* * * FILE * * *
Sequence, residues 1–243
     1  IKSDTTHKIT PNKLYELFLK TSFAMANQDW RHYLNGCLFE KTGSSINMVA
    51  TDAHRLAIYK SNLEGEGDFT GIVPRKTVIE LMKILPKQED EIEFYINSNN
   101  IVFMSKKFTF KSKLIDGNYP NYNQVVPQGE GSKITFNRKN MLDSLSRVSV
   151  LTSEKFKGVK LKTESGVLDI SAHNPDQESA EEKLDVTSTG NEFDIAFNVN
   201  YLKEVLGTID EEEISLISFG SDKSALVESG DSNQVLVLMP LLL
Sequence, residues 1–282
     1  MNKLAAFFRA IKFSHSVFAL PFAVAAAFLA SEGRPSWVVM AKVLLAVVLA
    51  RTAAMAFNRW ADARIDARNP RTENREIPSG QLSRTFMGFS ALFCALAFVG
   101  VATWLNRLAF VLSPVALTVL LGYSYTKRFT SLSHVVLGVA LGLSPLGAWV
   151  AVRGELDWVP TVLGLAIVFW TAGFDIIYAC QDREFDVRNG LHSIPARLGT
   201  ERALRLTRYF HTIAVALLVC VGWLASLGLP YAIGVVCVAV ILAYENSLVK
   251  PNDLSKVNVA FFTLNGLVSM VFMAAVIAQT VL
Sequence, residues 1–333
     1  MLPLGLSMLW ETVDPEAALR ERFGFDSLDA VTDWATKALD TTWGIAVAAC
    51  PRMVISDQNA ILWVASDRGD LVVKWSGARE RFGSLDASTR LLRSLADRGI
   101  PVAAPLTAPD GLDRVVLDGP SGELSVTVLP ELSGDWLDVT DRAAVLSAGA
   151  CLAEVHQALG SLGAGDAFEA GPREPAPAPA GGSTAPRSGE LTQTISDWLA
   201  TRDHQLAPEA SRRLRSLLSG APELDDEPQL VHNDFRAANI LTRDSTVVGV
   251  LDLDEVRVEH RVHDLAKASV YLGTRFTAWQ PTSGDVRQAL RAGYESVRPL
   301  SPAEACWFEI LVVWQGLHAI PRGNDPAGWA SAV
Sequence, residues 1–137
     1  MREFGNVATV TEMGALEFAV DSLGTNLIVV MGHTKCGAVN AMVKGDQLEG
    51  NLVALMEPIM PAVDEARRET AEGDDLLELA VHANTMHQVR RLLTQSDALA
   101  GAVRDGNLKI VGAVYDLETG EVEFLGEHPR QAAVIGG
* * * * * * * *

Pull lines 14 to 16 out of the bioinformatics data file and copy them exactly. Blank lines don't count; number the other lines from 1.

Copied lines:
Sequence, residues 1–333
     1  MLPLGLSMLW ETVDPEAALR ERFGFDSLDA VTDWATKALD TTWGIAVAAC
    51  PRMVISDQNA ILWVASDRGD LVVKWSGARE RFGSLDASTR LLRSLADRGI